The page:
He says Jessie seems to appreciate the new set up and keeps her room tidy: “She’s got a pretty good temperament and knows what’s her space and to respect it.”

A little too much color coordination


Where’s Stanley? Keep looking. Maybe tilt your head a little bit, or squint your eyes, and you’ll find him.

He’s right there — on the carpet, left of the baby.

stanley2As any dog owner knows, when you buy a new rug you want it to be one that will camouflage those inevitably shed dog hairs.

But you might not want this close a match.

Deb Lythgoe and family say they sometimes can’t tell when their dog Stanley is asleep on the rug — and sometimes trip over him because his coat so closely matches it.

As first reported in the Mercury Press, Stanley’s affinity for the rug just adds to the problem. It’s the poodle’s favorite place to nap — perhaps because it resembles his mother or litter mates.

Lythgoe and her fiancé live in the borough of Wigan in Greater Manchester, England, with five children. So that could add up to a lot of tripping.

stanley1Not only do the deep-pile rug and the dog contain the same shades of grey, they have a similar nappy texture.

Lythgoe said she bought the rug in April, without giving the color match much thought.

“We bought the rug a few months ago and put it in the front room. Stanley straight away liked it and started laying on it,” she said.

“When he is there you actually can’t see him. Thankfully we’ve not had any serious accidents though.”

Lythgoe said the photos of Stanley on the rug, which she posted on social media, have been a hit with her friends.

Stanley, The Telegraph reported, doesn’t seem to mind being bumped into.

“Stanley is a really good boy, Lythgoe said. “He is really good with the kids and has a lovely temperament. While he keeps finding himself in trouble with the rug, it’s not his fault and it is the only problem he causes – he’s actually very well behaved.”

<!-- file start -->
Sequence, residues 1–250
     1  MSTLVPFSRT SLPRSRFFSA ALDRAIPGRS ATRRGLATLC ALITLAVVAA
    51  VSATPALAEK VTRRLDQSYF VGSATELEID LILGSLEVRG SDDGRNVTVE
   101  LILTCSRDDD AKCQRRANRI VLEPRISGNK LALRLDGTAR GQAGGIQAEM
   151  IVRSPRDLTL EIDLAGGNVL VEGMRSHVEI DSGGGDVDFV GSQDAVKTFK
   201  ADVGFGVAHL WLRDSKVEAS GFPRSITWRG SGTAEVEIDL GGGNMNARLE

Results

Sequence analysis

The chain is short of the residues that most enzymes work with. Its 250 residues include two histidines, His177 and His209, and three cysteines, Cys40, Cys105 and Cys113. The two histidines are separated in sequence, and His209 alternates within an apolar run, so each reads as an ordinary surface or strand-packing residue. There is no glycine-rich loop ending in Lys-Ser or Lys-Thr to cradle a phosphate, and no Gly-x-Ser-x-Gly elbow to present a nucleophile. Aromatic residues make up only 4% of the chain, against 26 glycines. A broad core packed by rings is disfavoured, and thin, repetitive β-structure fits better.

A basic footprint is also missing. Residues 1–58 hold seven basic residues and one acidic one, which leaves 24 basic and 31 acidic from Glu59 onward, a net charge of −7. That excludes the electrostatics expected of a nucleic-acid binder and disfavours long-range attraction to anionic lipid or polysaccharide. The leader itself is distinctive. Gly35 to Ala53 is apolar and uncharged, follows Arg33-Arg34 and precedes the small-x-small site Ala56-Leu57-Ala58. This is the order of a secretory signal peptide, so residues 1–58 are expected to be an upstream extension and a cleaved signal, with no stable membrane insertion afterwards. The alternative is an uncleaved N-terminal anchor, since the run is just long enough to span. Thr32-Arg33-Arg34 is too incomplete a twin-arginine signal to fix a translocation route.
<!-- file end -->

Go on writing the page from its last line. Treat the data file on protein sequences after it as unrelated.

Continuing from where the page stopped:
(Photos: Mercury Press)

Paw-ternity leave? Don’t hold your breath

paternityTake a decent idea, give it a cute name, and there’s no telling how far — in the age of the Internet — it might go.

Paw-ternity leave, not an entirely new concept, is drawing some major attention this week — the root of which, best I can figure, was a story in London’s Daily Mirror.

To read the headlines that one story has spawned in the echo chamber that is the Internet you’d think giving employees paid time off when they get a new dog was an idea that was sweeping the nation, if not the globe.

Not quite — though we wouldn’t mind if it did.

The Mirror story mentions two companies in the UK — one of them being Mars Petcare, which provides 10 hours of paid leave for employees with new pets, the other being a small British tech support company whose owner offers up to three weeks of paid leave when employees bring a new pet home.

“Pets are like babies nowadays so why shouldn’t staff have some time off when they arrive?” said Greg Buchanan, who owns Manchester-based IT company BitSol Solutions. “The first few weeks of a dog moving to a new home is a really important time, especially (with) puppies.”

“I don’t have kids myself but I do have dogs and I understand how much they mean to people,” he added.

In an interview with USA Today, Buchanan said he took a week off from work to help a new puppy get settled in his home.

“We got a puppy from a rescue home and we realized it needed to be looked after properly, so I took a week off to ensure it was welcomed into the home, and to set boundaries for the dogs. You know, ‘You can’t chew the couch’ and ‘You can’t jump on the television,’ things like that. And it went from there, and my dog is now better for it,” says Buchanan.

After that, he began offering employees paid leaves when they got a new pet. He says the policy has helped improve office morale.

The Mirror article also cites a survey by pet insurance provider Petplan that found almost one in 20 new pet owners in the UK has taken paw-ternity leave.

“The rise in new pet owners taking paw-ternity leave indicates that people recognize the importance of settling in new pets with the right support and care,” said Petplan’s Isabella von Mesterhazy. “The early days of a kitten or puppy’s life are a vital part of the pet’s early development – especially for them to become a proper part of the family.”

(Photo: Pinterest)

Stella!!! So much for that fence

We can’t attest to how genuine this video is — some commenters suspect it was staged — but it’s pretty funny all the same.

The video was uploaded to YouTube earlier this month by someone using the name Joe Ballew. And it looks like it could hit the million-view mark before the month is out.

In it, a male voice, presumably Ballew’s, can be heard showing off his newly repaired fence.

“Yep, just completed fixing this fence. Pretty proud of it I’d have to say,” the man says. “Kinda keeps Stella in the yard.”

Just how “kinda” becomes obvious seconds later — when Stella comes into the frame and easily jumps over what appears to be the new section of fence.

“Dammit,” the man can be heard to say.

What makes some viewers suspicious is that just before Stella appears, the otherwise smooth camera work is interrupted with a jolt, and a slight human grunt can be heard — almost as if the camera operator is throwing something he knows Stella, fence or no fence, is going to go after.

We, too, might question how straightforward Ballew is being, but we are still mighty impressed with Stella’s jumping ability.